Even if you’re bootstrapping your startup, you’ll need to raise some sort of capital at some point — which could include having an extremely important meeting with a VC. This can be overwhelming and nerve-racking, especially if it’s the first time that you’ve had to ask for money.
To ensure that you wow the VC from the get-go, and help you walk into the meeting more relaxed and confident, here are expert tips from seven of the top VC’s on the planet on what you may be doing wrong.
1. Bill Gurley — Benchmark Capital
“My partners and I have noticed an interesting trend over the past few years: an increase in the number of entrepreneurs who prefer to pitch us without the use of a presentation deck,” writes Bill Gurley, who has previously backed GrubHub, OpenTable and Zillow.
“On one hand, this is totally understandable. Many believe that PowerPoint decks are emblematic of the type of bureaucracy disparaged in Dilbert cartoons. Others want to appear ‘casual’ and ‘conversational’ and view the presentation as overly formal. But, going deck-less can be a risky move, and here is why. Investors are not solely evaluating your company’s story. They are also evaluating your ability to convey that story. Efficiently communicating your strategy, business model, and competitive differentiation is required for many critical things you will do as a company.”
2. Chris Sacca — Lowercase Capital
During an episode of “This American Life” Chris Sacca, who’s invested in Twitter, Uber, Instagram and Kickstarter, told host Alex Blumberg that he needs to tighten up his pitch, which was making money through advertisements and premium paid content.
When asked how much money he’ll need, Blumberg responded, “So, it’ll take a million and a half dollars, I think? Um, and…”
CS: Take out the “I think.”
AB: It’ll take a million and a half — I’m looking for a million and a half to two million dollars in seed stage funding.
CS: No, no, no. You’re looking for a very specific amount of money.
3. Jeff Jordan — Andreessen Horowitz
“Every great founder can tell a great story,” says Jeff Jordan. “It’s one of the key things in a founder, that you can convince people to believe.”
The former CEO of OpenTable and investor in Airbnb, Instacart, Pinterest and OfferUp has said that Airbnb’s Brian Chesky is an exceptional communicator and storyteller who has “”his entire company laughing and crying within five minutes.”
Only an effective communicator and storyteller can persuade investors to jump onboard with their product, vision and dreams.
Related: 5 Attributes of the Super Successful
4. Fred Wilson — Union Square Ventures
“Get people engaged in the conversation as soon as you can,” Fred Wilson (Twitter, Etsy) said in a recent interview. While being an effective storyteller, “Going through a really long backstory is a bad idea. ‘In 1972 I graduated from college’ and 20 minutes later they get to the point.”
“Like many things in life, less is more in fundraising slides. You can explain your business in mind-numbing detail or you can inspire an investor and let them imagine. Guess what works better?” asked Wilson.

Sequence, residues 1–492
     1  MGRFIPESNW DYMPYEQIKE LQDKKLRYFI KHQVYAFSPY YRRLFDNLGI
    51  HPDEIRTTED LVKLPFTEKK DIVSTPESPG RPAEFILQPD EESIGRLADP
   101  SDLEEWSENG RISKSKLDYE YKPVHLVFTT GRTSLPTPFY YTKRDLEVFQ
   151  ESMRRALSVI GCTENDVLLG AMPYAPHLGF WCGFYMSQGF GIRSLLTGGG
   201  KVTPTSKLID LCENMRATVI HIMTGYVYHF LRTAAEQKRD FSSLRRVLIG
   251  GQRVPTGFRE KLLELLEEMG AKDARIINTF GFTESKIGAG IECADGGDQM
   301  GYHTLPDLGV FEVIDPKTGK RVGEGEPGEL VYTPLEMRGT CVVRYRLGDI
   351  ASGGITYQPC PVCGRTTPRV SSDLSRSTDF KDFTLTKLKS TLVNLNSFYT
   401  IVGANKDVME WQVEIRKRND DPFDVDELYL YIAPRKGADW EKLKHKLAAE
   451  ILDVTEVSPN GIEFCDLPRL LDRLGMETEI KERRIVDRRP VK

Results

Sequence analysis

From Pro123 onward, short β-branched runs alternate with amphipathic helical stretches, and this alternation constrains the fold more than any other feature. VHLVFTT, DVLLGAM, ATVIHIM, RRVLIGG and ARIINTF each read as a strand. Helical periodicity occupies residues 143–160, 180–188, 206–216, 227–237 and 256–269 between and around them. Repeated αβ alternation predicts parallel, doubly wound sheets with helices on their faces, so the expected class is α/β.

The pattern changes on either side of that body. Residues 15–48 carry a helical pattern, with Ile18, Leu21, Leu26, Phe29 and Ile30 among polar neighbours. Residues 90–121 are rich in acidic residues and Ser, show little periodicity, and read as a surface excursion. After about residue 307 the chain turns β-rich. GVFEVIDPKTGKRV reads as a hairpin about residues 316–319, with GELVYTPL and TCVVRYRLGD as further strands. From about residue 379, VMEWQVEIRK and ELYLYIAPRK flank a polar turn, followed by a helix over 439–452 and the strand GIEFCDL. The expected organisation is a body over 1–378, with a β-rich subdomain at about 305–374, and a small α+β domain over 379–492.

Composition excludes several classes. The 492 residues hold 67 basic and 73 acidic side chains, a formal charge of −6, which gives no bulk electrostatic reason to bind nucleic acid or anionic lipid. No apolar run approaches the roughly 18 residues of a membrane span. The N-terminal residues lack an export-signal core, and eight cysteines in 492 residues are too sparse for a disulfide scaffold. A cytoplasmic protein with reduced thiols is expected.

5. Peter Fenton — Benchmark Capital
“Focus is imperative in a young company’s life — I think more of our companies die from lack of focus than any other single mistake. Something I’m concerned about, that I’ve picked up on in the past two years, is the perception that it’s easier to early-stage round today because there are more positive outcomes than there were in, say, 2003 and 2004. I think it’s leading to an erosion of the idea of winning over a core before you expand your horizons,” Peter Fenton, who has invested in New Relic, Quip, Twitter and Zendesk, told Bloomberg.
“Venture people want to back big ideas and big markets that will lead to big companies, but when you go back and look at the big winners, they usually started with very little capital and very focused offerings. That’s particularly true in consumer Internet: Google (GOOG) began as just page-ranked search, Yahoo! (YHOO) was a very focused directory of the Web, and eBay was really winning in core collectibles. They did just one thing extraordinarily well — better than anyone in the world. When you have more money, you’re more likely to hire more people who can do more things that can mask over the fact that you’re not being successful in your core. You have breadth taking over depth.”
6. Josh Kopelman — First Round Capital
“Have a very clear plan and budget for your seed round. Understand the milestones you need to hit for an A round and make sure you have more than enough runway to get there,” recommends Josh Kopelman (Bazaarvoice, OnDeck Capital).
7. Steve Anderson — Baseline Ventures
“Generally speaking, most of my investments are pre-product launch, they’re just an idea. So getting product market fit is the most important goal of the round. My goal as an investor is to make sure there’s enough financing to give companies time to do that, a year to 18 months. The worst scenario is to try to raise more money when you haven’t achieved that goal.”